Dreams have been part of our history as a species. Echoing Carl Jung, they contain individual and collective meanings, holding the anxieties, desires, traumas, and hopes of the culture, reflecting the circumstances of the human condition. For this reason, the group is an optimal setting to work with dreams. Lawrence coined the term Social Dreaming Matrix™ to capture the generative power of deep collaborative dream work and to differentiate it from process groups that deal with interpersonal dynamics as well as dream groups that focus on individual dreams.
Connected dreaming works with dreams differently than most traditional dream groups. First, dreams are not interpreted, but used to impact, disrupt, and expand our thinking. James Hillman says “We must reverse our usual procedure of translating the dream into ego-language and instead translate the ego into dream-language. This means doing a dream-work on the ego.” We ask the dreamers to suspend logical thinking and to allow the dream to provoke associations, feelings, images, memories, in order to generate new ways of thinking.
Second, we see dreams as holding both individual and collective significance. James Hillman says, “when we dream, we are dreaming outside of ourselves.” “The world’s soul echoes and moves its imagination in my dream.” Dreams are portals, opening our finite beings to the infinite otherness of humanity. So, when we share dreams, we offer the dream to the group. When we listen to dreams, we listen as if we are hearing our dream in order to open ourselves to deeper levels of connection with others.
Third, the group doesn’t focus on interpersonal dynamics, but explores the relationships among dream images. Dream images are manifestations of dream intelligence, what Hillman has referred to as “persons of the soul,” visitations and intimations. The intrinsic intelligence of dream images represents what the psyche needs but doesn’t know to ask. This intelligence emerges as one deepens one’s relationship to the image through a process that Stephen Aizenstat, calls animation. Through various expressive techniques we animate dream images, allowing the images to interact with each other. He states, that when we connect with the dream image, “We surrender to another kind of consciousness, a subtle mode of connection, requiring finesse, patience, sensitivity, and spaciousness.”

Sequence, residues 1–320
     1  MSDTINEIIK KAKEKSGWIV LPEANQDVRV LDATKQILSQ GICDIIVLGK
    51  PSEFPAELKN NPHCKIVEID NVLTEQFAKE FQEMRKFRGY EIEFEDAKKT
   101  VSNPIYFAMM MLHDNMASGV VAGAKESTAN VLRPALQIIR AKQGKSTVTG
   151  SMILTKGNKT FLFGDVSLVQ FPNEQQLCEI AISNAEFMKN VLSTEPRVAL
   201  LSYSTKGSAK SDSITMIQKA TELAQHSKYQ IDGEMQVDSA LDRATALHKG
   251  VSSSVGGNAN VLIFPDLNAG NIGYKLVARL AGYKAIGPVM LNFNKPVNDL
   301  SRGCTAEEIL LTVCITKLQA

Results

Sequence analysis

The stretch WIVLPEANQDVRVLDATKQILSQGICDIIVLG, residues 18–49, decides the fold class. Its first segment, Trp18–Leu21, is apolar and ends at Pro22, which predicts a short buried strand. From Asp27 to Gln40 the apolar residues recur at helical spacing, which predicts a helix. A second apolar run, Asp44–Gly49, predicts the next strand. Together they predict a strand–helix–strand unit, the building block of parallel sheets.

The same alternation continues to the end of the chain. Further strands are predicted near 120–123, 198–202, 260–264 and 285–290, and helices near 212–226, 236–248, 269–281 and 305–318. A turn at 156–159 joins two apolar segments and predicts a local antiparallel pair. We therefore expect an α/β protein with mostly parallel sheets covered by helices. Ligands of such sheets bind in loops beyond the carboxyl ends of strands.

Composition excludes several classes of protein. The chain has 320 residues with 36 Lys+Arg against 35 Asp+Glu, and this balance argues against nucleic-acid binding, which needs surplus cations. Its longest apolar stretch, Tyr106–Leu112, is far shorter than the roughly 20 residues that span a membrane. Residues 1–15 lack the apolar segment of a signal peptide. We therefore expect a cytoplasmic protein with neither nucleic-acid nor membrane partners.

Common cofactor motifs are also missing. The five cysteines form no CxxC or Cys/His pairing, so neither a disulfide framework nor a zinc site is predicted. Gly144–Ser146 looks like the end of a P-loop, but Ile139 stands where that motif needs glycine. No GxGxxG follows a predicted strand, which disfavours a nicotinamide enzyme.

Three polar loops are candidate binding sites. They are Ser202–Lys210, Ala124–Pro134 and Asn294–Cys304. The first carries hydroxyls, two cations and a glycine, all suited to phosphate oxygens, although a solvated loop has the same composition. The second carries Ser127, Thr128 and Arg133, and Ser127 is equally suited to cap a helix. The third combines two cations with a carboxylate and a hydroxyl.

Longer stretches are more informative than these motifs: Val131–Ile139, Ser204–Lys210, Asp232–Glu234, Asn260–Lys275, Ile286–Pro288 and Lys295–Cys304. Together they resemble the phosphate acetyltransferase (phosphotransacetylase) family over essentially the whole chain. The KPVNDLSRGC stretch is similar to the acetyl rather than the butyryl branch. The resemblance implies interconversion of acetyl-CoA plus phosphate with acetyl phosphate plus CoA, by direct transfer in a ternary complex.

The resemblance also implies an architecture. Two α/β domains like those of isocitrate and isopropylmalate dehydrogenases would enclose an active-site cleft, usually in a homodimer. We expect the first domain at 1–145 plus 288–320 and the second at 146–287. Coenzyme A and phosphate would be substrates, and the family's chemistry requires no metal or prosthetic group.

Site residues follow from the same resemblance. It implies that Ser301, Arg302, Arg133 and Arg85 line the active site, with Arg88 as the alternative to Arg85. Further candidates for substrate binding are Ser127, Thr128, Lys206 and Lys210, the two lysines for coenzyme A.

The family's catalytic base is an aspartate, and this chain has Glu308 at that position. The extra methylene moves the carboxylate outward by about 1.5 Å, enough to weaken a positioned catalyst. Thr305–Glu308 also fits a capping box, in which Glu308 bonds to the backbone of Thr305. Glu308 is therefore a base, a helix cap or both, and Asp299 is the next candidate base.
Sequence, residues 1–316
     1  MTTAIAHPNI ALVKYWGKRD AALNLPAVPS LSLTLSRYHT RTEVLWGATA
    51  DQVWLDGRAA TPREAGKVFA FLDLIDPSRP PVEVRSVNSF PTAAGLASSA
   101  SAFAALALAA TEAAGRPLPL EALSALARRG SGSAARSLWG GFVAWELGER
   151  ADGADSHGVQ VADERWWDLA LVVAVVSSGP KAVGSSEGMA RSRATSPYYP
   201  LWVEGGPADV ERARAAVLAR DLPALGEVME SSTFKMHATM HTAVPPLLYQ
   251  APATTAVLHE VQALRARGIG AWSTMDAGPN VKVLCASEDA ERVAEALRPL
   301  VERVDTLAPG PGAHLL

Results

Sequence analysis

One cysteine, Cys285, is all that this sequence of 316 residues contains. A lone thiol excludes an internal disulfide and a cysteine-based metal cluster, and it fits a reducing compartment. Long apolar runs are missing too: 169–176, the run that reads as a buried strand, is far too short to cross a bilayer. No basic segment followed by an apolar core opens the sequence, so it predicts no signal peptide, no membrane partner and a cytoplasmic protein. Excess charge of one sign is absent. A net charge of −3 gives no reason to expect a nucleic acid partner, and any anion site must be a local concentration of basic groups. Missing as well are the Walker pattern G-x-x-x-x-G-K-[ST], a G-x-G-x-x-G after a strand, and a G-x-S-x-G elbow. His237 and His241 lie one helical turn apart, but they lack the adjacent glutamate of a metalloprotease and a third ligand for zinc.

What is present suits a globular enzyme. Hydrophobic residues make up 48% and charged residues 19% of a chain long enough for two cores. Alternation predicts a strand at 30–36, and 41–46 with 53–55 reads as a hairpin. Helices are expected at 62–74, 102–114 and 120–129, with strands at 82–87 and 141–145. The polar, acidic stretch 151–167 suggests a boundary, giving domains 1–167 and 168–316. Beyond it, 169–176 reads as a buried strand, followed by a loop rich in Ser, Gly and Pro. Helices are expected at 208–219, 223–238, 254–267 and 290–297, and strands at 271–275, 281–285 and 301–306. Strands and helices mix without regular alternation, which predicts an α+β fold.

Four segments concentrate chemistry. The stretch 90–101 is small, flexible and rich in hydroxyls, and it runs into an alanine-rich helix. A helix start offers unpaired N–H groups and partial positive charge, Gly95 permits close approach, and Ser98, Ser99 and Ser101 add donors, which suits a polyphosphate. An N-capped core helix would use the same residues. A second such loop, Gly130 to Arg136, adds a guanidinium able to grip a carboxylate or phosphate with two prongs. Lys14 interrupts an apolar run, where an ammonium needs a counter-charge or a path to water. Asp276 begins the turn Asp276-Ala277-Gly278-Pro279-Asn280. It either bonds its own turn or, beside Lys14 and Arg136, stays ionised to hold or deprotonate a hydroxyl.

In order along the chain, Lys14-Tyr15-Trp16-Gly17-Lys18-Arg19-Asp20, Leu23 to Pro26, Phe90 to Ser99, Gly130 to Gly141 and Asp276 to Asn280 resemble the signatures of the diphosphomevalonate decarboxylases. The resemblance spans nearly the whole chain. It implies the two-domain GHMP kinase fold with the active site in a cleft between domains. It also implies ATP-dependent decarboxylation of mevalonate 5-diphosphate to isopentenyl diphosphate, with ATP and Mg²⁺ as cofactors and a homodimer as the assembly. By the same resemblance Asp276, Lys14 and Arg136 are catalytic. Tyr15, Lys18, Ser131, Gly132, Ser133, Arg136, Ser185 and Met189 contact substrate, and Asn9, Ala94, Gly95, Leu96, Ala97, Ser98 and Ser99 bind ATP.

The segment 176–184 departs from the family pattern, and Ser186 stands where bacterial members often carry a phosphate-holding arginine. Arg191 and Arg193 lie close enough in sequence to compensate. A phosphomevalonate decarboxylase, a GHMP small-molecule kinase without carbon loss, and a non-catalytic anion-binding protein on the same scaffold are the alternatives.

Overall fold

Through the sharing, associating, and “playing” with dreams, thinking shifts from the logical and conventional to the imaginal. Meanings emerge that enlarge the personal dimension of a dream. The individual is de-centered from a self-perspective and is oriented to the collective. The dream is not only the “royal road” to the unconscious, but is also a bridge connecting individuals to each other.
There is no preparation for this group other than a curious and open mind and an interest in dreams. The group lasts 4 hours and consists of the following:
2. Guided Phantasy
3. Dream Sharing
4. Free Associations
5. Dream Reflection
6. Dream Play
7. Wrap up.
Individuals choose a dream image from a dream they shared and a figure from a collection of figures to represent the image. Through a process of embodied imagination, participants identify essential qualities of the image and give a name to the image. Participants share their image with the group.
The game is simple. It consists of taking turns moving the dream figures in relation to the other dream figures. As participants identify with their image, it is the image that directs the action. With each turn, individuals express their feelings and reasons for placing their figure where they did. This is repeated several times in order to allow the dream figures to interact with each other.